Nothing says America like home shopping, rock and roll with proud country roots, and breaking shit for no reason. As you embark on your Thanksgiving plans, whether they involve Tofurkey, bitter arguments fueled by red wine, or camping out at the mall at midnight, be sure to take a break and check out the Avett Brothers’ video for “Slight Figure of Speech” from their recent full-length, I and Love and You. This has been a breakthrough year for the boys from North Carolina. The band transitioned to American Recordings for their latest record, and with that step took on the masterful ear of producer, Rick Rubin. I and Love and You highlights the band’s skill and comfort with discussing love in its myriad shapes, from its abashed and slippery expression in the opening track, which shares its name with the album, to its wide-eyed, bare-boned declaration in “Kick Drum.”

But sometimes, all that waxing poetic on the subjects of desire and devotion can be a little much. The video proves that even though the Avett Brothers have made it to the big-time, they can still cut back and have the same hootin’ and hollerin’ fun they’ve had in their nine years of tireless touring and numerous releases on the Ramseur label. Although the music takes a while to start (roughly two minutes into the video), the result is the opposite of tryptophan.

  • “Slight Figure of Speech” ~ Avett Brothers ~ I and Love and You ~ American Recordings

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Don’t let it be their death knell

Yes, she's a man-a-man-a-maneater.

Yes, she's a man-a-man-a-maneater.

Lazy blogging ahead! Just to warn you, I’ll be dipping into not one but two pre-existing sources to bring you this entry today. In my defense, with American icons shuffling of this mortal coil left and right, there’s a lot to think about. But before I take a dip into the reflection pool, I want to let you know about a benefit concert where attendants can jamboree in the name of feminism. I hate to belittle the significance of the cause by mixing it in with the news of two celebrity deaths. On the other hand, just like a tightly designed Tinkertoy structure, it will all connect in the end.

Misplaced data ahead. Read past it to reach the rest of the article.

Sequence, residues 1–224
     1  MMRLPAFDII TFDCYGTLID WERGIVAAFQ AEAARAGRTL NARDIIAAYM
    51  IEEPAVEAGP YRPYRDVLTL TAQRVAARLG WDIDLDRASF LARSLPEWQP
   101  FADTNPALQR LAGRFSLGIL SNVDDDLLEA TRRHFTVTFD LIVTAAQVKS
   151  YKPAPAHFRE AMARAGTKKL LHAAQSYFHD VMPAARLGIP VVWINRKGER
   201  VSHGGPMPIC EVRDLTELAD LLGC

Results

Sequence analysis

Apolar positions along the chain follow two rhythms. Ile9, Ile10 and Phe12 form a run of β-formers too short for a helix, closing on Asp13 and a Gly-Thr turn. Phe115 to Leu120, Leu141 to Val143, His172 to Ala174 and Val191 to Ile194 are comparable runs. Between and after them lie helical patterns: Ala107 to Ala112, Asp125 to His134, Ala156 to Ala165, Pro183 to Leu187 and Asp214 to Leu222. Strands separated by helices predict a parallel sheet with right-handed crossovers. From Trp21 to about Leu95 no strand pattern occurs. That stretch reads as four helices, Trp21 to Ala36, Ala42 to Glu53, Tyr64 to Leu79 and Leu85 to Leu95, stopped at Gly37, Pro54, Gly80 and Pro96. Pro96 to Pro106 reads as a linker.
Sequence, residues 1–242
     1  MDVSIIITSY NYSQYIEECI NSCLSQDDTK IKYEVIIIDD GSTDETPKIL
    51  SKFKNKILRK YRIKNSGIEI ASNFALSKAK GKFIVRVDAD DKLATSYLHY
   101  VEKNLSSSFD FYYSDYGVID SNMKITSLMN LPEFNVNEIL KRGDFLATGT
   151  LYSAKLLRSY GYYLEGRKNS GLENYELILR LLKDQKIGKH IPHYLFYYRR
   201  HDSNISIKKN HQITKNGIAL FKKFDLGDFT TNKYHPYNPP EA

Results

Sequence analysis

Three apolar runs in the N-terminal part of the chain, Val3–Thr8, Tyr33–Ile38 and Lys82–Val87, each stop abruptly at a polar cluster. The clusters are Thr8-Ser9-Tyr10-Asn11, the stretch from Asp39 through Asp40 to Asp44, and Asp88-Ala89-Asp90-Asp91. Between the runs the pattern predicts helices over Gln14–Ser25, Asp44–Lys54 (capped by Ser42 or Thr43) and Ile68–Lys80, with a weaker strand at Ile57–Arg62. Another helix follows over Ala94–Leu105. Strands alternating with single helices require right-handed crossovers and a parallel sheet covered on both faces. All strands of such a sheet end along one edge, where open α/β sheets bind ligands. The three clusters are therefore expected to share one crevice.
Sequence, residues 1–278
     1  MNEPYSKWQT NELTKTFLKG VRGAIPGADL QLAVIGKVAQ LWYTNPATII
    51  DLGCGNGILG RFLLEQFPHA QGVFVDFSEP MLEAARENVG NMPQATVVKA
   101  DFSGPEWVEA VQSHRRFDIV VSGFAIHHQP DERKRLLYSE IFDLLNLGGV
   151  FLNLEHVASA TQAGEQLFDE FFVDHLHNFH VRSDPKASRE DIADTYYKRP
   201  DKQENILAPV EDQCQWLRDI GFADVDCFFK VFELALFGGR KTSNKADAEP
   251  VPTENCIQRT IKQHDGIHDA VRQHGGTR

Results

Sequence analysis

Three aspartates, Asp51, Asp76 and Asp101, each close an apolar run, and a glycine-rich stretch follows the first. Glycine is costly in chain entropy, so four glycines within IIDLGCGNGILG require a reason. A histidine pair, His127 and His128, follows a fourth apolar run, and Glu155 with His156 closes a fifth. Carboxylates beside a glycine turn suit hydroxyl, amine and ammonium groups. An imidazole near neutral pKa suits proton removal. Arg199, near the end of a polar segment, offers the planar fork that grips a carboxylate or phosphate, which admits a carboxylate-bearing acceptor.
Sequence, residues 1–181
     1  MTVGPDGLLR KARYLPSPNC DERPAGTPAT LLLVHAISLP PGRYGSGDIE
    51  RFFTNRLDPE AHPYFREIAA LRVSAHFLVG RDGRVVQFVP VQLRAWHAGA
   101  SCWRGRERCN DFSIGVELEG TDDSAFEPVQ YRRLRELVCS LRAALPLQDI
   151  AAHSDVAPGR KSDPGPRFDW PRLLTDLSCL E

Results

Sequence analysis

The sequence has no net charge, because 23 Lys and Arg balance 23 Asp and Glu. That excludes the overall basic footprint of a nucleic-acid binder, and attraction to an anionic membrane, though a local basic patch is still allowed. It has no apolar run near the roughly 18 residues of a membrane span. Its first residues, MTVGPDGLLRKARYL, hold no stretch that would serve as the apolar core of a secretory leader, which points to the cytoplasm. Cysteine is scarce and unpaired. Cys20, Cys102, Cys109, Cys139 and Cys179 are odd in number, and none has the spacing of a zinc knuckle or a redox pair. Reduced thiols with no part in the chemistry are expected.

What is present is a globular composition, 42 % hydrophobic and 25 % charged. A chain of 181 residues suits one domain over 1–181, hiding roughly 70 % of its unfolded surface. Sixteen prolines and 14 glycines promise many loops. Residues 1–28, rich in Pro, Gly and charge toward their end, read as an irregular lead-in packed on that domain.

Bitch magazine, like many media outlets, has been operating with a graceful but noticeable limp in the last few years, given consumers’ recession spending habits and the slow demise of print media in general. So the gals who write and run the publication are throwing a multi-band hoe-down to raise funds and keep themselves afloat. If you have no idea what Bitch is all about, let me direct you to the Yelp review I wrote about them last September:

Just over two years ago, I headed into Powell’s and picked up a coffee and a copy of Bitch. I had spent the last few months packing my belongings, carting them every which way, and then setting them in a garage before getting lost in the Mediterranean for about a month. I had no clue what the world outside of my own life was up to. Dubya and cronies still around? Damn it!